Talking to my dad and reading the timeless words of Henry David Thoreau, it became evident to me that the more things change, the more they stay the same.  Living in the countryside and quite a distance from larger city centres, I think about my experience of traveling into the city to shop. There’s a general store here, and a bank, a hairdresser, an insurance agency and a daycare centre. It’s pretty quiet, somewhat like Thoreau’s woods. I can’t help but compare my trips into the city to Thoreau’s experience of going into town. He calls it “running the gauntlet of businesses.”

          “…so that every traveler had to run the gauntlet, and every man, woman, and child might get a lick at him. Of course, those [businesses] who were stationed nearest to the head of the line, where they could   most see and be seen, and have the first blow at him, paid the highest   prices for their places; and the few straggling inhabitants in the     outskirts, where long gaps in the line began to occur, and the traveler could get over walls or turn aside into cow-paths, and so escape, paid a very slight ground or window tax.  Signs were hung out on all sides to allure him; some to catch him by the appetite, as the tavern and  victualling cellar; some by the fancy, as the dry goods store and the  jeweller’s; and others by the hair or the feet or the skirts, as the barber, the shoemaker, or the tailor.”

By this account, the way businesses lure and seduce customers has changed very little since Thoreau’s time. After all these years, businesses provide the same basic type of services and merchandise as they did in the mid-1800s. After spending half a day running from store to store, bombarded visually and auditorially by products and advertising, I feel exactly as if I’ve run a gauntlet. I hear you, Henry David Thoreau, and I share your pain.

One thing I never knew about Thoreau or expected to discover is that he is the king of the backhanded compliment. I mean, I should’ve guessed. In Walden, he doesn’t always come across as a great lover of the human race, and he is obviously a skilled wordsmith. I like how he describes this guy, the ill-fated Colonel Hugh Quoil, a resident of Walden Woods who died shortly after Thoreau began his stint there:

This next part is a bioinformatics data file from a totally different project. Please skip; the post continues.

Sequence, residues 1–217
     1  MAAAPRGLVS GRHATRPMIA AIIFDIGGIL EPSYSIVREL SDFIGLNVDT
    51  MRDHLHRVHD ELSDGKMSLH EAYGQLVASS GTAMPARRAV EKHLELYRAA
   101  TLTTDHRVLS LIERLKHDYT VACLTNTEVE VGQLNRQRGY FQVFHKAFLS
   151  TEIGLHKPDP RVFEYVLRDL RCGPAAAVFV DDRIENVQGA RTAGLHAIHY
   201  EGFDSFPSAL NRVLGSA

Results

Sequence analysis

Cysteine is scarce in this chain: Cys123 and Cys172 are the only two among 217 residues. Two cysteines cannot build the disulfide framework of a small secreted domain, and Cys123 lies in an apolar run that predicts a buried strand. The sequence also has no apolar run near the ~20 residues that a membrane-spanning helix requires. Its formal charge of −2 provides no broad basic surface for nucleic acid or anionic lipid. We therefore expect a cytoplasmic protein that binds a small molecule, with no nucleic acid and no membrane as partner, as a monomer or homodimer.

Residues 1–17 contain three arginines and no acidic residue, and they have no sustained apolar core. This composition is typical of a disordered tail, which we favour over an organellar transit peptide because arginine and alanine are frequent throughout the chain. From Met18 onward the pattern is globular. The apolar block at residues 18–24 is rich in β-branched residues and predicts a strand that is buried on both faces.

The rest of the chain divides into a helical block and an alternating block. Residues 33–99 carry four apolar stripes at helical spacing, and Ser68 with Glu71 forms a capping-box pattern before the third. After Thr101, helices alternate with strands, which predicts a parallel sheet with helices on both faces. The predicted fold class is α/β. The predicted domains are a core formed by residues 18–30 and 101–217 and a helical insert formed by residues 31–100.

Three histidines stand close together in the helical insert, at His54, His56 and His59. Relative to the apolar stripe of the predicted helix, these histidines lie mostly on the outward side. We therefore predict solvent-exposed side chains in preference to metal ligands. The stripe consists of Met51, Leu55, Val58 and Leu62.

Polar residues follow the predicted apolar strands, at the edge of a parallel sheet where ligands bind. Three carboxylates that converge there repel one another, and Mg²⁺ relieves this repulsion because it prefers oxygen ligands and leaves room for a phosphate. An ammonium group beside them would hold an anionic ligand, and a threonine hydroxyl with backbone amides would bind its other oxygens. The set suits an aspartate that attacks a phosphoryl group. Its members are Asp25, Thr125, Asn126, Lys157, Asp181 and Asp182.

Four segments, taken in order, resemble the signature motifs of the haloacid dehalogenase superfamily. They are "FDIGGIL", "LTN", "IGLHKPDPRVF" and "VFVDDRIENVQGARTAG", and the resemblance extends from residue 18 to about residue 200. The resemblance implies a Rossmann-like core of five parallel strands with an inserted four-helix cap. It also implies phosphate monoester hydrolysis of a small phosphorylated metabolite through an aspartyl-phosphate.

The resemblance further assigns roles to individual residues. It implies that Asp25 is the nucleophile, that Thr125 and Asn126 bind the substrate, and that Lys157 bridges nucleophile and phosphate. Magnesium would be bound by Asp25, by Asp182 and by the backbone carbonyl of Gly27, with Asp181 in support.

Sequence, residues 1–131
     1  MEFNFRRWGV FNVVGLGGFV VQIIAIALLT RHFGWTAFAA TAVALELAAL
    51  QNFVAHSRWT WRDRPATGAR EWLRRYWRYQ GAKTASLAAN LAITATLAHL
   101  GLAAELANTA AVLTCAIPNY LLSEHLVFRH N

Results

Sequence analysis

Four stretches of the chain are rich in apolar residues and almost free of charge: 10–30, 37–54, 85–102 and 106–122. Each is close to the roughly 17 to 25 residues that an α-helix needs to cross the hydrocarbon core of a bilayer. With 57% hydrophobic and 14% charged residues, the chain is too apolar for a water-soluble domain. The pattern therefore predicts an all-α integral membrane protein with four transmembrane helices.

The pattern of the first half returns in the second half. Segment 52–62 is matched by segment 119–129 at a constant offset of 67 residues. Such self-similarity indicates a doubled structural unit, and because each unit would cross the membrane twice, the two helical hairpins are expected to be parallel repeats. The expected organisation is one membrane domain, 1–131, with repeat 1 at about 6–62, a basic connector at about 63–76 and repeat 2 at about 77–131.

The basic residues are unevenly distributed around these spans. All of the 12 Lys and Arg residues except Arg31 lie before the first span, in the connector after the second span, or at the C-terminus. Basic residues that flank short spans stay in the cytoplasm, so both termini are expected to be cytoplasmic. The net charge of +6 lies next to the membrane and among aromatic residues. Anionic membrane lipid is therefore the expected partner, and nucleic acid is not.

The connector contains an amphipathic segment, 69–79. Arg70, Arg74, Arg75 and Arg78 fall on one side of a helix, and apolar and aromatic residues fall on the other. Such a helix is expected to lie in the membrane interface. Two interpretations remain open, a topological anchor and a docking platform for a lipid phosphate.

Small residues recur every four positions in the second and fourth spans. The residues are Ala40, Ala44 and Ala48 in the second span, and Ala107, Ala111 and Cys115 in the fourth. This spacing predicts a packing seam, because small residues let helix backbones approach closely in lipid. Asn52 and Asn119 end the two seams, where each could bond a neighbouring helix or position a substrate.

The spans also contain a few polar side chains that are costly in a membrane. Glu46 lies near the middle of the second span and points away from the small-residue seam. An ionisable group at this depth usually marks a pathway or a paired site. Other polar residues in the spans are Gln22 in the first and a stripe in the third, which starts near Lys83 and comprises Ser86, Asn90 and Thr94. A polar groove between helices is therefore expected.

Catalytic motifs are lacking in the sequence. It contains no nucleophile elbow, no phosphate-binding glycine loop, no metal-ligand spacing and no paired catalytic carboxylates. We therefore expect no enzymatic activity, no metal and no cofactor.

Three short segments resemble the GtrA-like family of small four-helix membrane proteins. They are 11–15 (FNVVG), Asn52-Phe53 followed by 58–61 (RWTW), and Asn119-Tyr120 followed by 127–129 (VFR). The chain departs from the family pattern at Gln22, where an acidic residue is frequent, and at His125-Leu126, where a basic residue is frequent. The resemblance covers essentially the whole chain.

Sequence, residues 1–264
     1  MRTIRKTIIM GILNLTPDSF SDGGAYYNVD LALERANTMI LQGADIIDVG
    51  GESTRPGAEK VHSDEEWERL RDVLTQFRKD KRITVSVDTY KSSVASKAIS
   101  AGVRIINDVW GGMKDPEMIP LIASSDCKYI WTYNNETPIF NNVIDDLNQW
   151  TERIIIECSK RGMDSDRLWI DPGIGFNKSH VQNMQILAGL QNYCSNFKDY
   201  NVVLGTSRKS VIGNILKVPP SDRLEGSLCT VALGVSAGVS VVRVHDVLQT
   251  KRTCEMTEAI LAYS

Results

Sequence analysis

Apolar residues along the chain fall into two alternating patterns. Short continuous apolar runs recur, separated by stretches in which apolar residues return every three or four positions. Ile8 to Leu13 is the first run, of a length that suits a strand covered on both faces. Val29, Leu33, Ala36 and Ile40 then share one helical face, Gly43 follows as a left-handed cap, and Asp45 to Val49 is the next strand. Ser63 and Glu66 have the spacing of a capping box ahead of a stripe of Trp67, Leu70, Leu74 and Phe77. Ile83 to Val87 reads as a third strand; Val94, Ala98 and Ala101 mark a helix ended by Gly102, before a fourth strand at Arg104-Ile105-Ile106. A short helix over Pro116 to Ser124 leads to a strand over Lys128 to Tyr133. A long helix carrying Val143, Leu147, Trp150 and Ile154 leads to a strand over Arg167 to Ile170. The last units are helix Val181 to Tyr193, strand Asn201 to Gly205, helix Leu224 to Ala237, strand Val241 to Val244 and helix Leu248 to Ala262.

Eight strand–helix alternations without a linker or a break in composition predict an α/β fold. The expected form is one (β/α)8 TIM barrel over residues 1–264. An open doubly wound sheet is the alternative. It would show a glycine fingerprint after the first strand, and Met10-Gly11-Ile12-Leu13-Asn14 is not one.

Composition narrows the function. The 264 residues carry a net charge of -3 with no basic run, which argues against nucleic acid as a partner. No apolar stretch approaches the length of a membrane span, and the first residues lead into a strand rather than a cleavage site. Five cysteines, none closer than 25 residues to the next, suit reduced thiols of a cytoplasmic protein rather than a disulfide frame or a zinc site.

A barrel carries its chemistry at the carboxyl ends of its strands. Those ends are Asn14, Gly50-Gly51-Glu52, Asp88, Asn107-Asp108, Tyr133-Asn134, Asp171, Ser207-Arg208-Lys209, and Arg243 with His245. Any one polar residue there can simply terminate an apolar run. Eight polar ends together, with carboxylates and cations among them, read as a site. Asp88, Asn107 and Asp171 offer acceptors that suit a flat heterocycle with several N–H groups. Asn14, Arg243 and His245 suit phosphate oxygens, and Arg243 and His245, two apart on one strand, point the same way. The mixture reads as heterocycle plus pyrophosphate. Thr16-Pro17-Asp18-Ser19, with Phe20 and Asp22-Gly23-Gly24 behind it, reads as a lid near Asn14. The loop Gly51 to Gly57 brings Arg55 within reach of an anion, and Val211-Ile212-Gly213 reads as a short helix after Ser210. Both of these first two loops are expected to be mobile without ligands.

“All I know of him is tragic. He was a man of manners, like one who had seen the world, and was capable of more civil speech than you could well attend to.”

I’ve run into a few folks capable of more civil speech than I could attend to. I’ve sat there bored stupid, praying that God would strike either the speaker or me dead, and past the point of caring which. Just shut-up already! Thoreau says it much more eloquently than I. I am, alas, not the queen of the backhanded compliment. Sadly, I’m both a bit too kind and a touch too straightforward to reign, but I appreciate how Thoreau sits on that throne.

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A loon on Anglin’ Lake.

It took about five hours to fly home from Puerto Vallarta. Now usually I drug myself into a semi-stupor with a couple Gravol, a strategy I highly recommend to make any flight fly. It’s not the first time an old guy has sat pretty much in my lap for an entire flight, but those other times were due to the closeness of the seats and the girth of the guy. This last flight, with Thoreau in my lap, the journey was smooth and enjoyable.

I didn’t quite finish reading Walden on the plane. When I’m enjoying reading something, I read it slowly, I savour it. I like to give the words time to sink into my brain and often I’ll read certain passages over. There are lots of books I skim. Walden is philosophy and Walden is poetry. These words deserve to be tasted and remembered.

Back at home in my recliner I discovered that, besides being the king of backhanded compliments, Thoreau wins the prize for most anticlimactic ending I’ve ever read. True, it’s not quite the ending, but it’s the ending of the account of his time spent on Walden Pond at the end of the second last chapter called “Spring”: